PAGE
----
Understanding the decline in racial disparities in COVID

The School of Arts & Sciences’ Irma Elo and Samuel Preston, with a collaborative team of researchers, assessed racial disparities in U.S. COVID-19 deaths, calling for continued efforts to better understand and implement targeted strategies for addressing health inequalities

Young black man wearing surgical face masks while sitting and riding on a window seat of a tram
Image: iStockPhoto / AlexLinch

Racial disparities in COVID-19 deaths became a defining aspect of the pandemic’s first year in the United States, leading to national efforts to reduce the disproportionate toll among Black and Hispanic communities through vaccination drives and outreach in 2021.

Federal officials and the media touted major reductions in COVID mortality rate disparities during the delta and omicron waves, but researchers from the University of Pennsylvania and collaborators have shown that the declines in these disparities may not reflect improvements in population health to the extent previously thought.

Published in JAMA Network Open, the study found that disparities in U.S. COVID death rates between Black and white adults narrowed substantially from the first to the second year of the pandemic, from 339 deaths to 45 deaths per 100,000 people in 2021, after accounting for age.

“As the COVID-19 pandemic has evolved it continues to place a heavy burden on Black and Hispanic communities,” says Irma Elo, coauthor of the paper and professor in the Department of Sociology at the School of Arts & Sciences. “However, as it spread across the U.S., the geography of the pandemic shifted from urban centers to rural areas adding to the preexisting rural health disadvantage.”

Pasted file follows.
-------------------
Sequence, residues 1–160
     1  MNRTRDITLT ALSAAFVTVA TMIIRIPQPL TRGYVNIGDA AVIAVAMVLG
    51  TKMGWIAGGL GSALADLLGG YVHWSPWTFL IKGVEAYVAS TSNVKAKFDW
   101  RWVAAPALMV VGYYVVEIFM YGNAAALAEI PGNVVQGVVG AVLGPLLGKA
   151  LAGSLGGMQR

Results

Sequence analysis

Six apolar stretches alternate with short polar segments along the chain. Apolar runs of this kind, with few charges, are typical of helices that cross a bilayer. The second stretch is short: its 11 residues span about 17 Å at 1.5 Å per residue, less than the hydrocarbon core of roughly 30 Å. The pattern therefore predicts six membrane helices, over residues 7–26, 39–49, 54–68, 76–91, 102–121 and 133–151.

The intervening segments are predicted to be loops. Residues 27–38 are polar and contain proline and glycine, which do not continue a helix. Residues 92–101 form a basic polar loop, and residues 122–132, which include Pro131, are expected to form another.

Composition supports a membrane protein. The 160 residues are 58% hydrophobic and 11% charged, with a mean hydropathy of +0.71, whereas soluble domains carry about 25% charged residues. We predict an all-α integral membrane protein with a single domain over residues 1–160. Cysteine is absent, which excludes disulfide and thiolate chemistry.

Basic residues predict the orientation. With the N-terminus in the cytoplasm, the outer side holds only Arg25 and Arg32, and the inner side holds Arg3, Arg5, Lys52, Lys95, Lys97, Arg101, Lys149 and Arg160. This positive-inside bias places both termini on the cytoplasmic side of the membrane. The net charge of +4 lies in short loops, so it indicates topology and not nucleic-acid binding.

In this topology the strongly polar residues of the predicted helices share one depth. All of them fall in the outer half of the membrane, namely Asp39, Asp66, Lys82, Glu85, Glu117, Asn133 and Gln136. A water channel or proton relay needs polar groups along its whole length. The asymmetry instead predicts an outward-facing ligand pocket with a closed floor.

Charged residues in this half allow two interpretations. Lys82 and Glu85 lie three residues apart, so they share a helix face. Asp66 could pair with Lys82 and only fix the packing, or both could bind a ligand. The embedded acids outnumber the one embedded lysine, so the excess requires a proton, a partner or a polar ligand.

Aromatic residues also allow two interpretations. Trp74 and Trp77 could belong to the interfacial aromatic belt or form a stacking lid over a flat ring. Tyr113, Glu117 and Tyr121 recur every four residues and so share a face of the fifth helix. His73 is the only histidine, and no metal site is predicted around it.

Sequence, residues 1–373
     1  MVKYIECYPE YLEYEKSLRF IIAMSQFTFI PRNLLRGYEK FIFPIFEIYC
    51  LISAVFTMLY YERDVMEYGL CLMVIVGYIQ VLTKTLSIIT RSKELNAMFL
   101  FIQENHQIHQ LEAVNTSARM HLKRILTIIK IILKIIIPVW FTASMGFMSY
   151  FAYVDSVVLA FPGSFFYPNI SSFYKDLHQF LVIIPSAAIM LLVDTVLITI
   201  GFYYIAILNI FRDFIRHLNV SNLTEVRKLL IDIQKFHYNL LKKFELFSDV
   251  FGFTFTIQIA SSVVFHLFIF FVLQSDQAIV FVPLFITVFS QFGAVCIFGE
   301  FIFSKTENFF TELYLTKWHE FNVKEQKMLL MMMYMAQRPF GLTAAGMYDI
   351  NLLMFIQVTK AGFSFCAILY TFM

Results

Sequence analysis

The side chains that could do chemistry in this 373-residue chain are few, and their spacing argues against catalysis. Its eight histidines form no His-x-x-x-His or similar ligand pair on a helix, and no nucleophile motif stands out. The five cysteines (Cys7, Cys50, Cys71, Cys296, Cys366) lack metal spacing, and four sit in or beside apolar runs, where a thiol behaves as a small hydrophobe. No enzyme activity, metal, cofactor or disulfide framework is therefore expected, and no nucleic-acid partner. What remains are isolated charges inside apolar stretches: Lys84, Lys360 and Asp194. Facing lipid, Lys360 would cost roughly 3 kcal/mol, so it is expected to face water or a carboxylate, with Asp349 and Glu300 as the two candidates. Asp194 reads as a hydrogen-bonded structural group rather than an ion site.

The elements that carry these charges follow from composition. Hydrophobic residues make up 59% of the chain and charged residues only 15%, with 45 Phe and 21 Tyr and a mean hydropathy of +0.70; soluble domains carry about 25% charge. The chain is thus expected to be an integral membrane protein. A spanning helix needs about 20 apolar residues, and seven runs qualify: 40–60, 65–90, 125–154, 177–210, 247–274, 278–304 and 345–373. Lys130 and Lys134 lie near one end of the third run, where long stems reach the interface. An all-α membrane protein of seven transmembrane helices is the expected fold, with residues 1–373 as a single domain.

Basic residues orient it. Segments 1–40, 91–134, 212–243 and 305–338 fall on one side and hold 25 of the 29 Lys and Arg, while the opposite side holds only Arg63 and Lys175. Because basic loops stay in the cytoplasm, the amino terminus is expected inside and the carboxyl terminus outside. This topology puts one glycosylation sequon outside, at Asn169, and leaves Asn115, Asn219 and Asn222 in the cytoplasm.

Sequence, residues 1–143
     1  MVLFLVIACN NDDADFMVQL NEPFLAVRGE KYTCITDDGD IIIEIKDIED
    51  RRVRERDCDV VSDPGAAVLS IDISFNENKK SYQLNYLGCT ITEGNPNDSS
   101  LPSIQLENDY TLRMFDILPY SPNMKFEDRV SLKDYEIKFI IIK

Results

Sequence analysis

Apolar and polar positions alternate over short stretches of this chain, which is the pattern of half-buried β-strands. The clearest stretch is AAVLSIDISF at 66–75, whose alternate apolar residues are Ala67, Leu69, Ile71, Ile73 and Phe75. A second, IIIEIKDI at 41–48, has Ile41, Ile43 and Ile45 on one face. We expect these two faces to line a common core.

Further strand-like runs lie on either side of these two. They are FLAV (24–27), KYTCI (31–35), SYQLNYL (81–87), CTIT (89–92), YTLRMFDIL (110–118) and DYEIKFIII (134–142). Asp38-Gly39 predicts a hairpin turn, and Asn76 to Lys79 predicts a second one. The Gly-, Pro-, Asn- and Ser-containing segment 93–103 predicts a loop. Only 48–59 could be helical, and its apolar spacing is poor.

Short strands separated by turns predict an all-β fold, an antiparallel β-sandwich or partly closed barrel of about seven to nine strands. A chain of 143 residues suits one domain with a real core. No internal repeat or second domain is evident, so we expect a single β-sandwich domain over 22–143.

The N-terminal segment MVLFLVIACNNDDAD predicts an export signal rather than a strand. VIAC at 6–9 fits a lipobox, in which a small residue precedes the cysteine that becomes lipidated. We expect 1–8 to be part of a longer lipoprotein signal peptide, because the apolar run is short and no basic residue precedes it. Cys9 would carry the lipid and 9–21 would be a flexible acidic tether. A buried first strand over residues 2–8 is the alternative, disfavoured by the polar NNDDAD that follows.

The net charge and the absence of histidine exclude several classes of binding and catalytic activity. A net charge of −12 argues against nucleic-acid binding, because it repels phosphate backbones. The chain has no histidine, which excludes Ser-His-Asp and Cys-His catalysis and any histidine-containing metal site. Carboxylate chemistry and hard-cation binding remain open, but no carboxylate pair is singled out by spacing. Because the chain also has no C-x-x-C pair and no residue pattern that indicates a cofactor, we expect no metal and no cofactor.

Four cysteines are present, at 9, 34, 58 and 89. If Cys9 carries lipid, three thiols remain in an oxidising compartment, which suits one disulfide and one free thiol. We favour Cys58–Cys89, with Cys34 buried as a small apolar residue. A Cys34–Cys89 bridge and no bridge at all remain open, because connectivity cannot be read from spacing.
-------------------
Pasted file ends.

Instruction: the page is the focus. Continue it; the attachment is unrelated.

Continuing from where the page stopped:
This sharp decline mostly resulted from an increase in COVID deaths among white people, as well as a geographical shift in mortality from large cities to rural and smaller metropolitan areas, rather than from decreases in deaths among the Black population, she says.

Similarly, Hispanic-white disparities in deaths declined from 172 deaths to 12 deaths, with this decline entirely due to increased COVID deaths among white and rural populations.

While national COVID death rates for Black, Hispanic, and Asian populations decreased in 2021, death rates among these groups rose in rural areas during this time, surpassing white death rates.

“Contrary to popular media narratives, our findings indicate that decreases in racial and ethnic disparities in COVID were mostly explained by increases in mortality for white adults and changes in pandemic geography rather than decreases in Black and Hispanic mortality,” says study corresponding author Andrew Stokes, assistant professor of global health at the Boston University School of Public Health.

“This suggests that it may be premature to celebrate reductions in disparities because they did not largely represent reductions in mortality.”

As the Biden administration prepares to lift the COVID public health emergency on May 11, the researchers believe much more work still needs to be done to address this burden among all populations.